Saturday, 5 September 2020

Amigotus and the Agen Breviary


On Wednesday this week a "European Illustrated Manuscript Page on Parchment", shown above, was sold in Lichfield County, Connecticut, at the local auction room, between the Community Center and a Auto Parts store:

As is often the case with provincial auctions, medieval leaves keep incongruous company: the preceding lot was this 20th-century pastel, which somehow failed to find a buyer:
and this etching after Corot, which sold to the only interested bidder, for $20:

One might argue that the medieval leaf is not worth much more than the etching; as the description states, it has "Holes, tears, wrinkles":

But despite the defects, it was clearly once from an impressive volume. Its framed size is reported as 23½" × 18¾", approximately 60 × 46 cm, so the leaf itself must be roughly 50 × 40 cm: a grand size for a Breviary, which are often fairly small, hand-held volumes.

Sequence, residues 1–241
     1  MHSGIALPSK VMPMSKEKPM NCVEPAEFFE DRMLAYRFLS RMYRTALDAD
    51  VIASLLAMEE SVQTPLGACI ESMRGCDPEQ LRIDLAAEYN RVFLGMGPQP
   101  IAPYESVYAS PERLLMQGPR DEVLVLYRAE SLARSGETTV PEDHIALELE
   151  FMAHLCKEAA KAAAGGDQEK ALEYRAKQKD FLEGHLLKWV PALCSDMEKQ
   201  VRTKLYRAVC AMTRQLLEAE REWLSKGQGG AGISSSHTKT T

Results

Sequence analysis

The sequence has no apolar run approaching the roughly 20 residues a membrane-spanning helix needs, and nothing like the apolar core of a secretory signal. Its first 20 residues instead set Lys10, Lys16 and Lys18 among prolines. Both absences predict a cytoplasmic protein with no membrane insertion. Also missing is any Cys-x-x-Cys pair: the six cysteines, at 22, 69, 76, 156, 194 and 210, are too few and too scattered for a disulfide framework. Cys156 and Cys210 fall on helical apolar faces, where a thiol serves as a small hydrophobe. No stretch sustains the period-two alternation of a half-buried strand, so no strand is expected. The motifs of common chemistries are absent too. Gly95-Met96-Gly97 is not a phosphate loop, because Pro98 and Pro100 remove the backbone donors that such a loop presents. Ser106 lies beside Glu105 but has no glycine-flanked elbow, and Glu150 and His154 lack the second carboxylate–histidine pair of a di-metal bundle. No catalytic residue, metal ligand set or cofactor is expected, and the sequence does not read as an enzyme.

We know it is from a Breviary from the rubrics, with Versicles, Responses, Psalms and a Lesson (Lectio) numbered "VI". The very first line of the page (the verso; the recto was not photographed) is part of the famous verse about the rock on which the church will be built, with a play on the name of the apostle Peter: "super hanc petram edificabo ecclesiam meam ...":
The liturgical content of the whole page clearly concerns one of the feasts of St Peter: the first piece of music begins "Surge Petre ..."

and the Lesson begins "Ille sancto Petro ...", followed by a Response "Petre amas me", and an instruction to find the gospel reading in the text of the feast of the Octave of the apostles Peter and Paul:
"Petre amas me. Evangelium. Ius-
sit Ihesus discipulos suos. Require
in octava apostolorum Petri et Pauli.

The text and music therefore appear to come from a common feast, celebrated across Europe, and of little help in dating or localising the manuscript.

Why, then, am I bothering to draw attention to this leaf?

Every week, I see leaves from of Bibles, Books of Hours, Psalters, Breviaries, and especially choirbooks, on eBay and other online auction sites. Usually they do not warrant more than a few seconds scrutiny each, but in this case I thought I recognised the scribe. Not only that, but if I was right about the scribe, whose name is known, then I could probably identify the manuscript from which the leaf comes, which is closely datable and localisable. I emailed Émilie Nadal, who has worked most recently on the parent manuscript, ad she kindly confirmed my gut feeling.